Quantitative information about a home is usually limited to square footage, number of bedrooms, cost per square foot, and so on. But what about a grade, or score, that speaks to a home’s energy use?
The U.S. Department of Energy (DOE)’s Home Energy Score provides exactly that—a miles per gallon rating, if you will, for energy use of a residential home.
Just six years ago, the National Renewable Energy Laboratory and Lawrence Berkeley National Laboratory completed a mathematical model to transition "home facts" (square footage, number of bedrooms, windows, heating/cooling units) into a measurable home energy score. PNNL is responsible for the Home Energy Score Gateway which "packages" the model into web-based services that enable DOE energy partners and their accredited assessors to evaluate homes. These services provide all of the administrative features needed to manage the overall home energy scoring effort: partner management, assessor training, quality assurance reviews, reporting, and more.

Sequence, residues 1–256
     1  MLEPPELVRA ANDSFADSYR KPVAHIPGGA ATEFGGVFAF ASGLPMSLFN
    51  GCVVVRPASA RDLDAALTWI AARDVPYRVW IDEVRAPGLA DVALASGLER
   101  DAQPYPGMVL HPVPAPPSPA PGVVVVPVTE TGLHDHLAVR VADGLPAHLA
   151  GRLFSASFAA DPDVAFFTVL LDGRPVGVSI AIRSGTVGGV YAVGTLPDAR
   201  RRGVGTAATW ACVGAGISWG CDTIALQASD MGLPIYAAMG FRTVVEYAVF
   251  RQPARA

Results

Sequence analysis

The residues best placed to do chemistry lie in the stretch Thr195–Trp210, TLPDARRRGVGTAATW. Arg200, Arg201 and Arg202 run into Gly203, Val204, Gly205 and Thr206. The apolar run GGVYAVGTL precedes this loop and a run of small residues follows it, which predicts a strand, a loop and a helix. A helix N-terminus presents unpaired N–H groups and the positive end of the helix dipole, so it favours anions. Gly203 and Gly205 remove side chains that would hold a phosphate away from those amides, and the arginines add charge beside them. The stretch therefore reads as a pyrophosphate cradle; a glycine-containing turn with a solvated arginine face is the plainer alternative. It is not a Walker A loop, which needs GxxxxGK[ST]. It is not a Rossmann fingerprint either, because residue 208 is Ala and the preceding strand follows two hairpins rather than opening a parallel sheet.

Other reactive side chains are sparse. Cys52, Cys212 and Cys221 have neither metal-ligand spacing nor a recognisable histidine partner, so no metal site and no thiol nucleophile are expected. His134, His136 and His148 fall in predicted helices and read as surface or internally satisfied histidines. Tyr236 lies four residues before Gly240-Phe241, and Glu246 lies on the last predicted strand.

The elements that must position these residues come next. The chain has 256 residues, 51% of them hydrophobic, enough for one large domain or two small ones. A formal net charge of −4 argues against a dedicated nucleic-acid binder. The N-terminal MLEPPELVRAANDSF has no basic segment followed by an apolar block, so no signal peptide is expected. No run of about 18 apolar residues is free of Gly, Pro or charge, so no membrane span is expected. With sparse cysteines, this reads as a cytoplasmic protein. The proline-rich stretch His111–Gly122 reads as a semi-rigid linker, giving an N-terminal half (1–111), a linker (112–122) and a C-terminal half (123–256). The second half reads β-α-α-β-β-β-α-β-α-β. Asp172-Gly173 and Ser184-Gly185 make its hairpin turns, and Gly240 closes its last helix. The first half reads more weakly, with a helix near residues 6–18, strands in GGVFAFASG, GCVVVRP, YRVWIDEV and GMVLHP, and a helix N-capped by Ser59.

Once a home is scored, the Home Energy Score Gateway automatically generates labels—much like the ENERGY STAR® program for appliances—to individual residences. Added up over time, these individual scores paint a picture of energy use for city planners, among others. And for home builders, realtors, and home buyers, Home Energy Scores can be another data point in the housing market.
Visit DOE’s Building Technologies Office webpage for information on other energy efficiency building programs.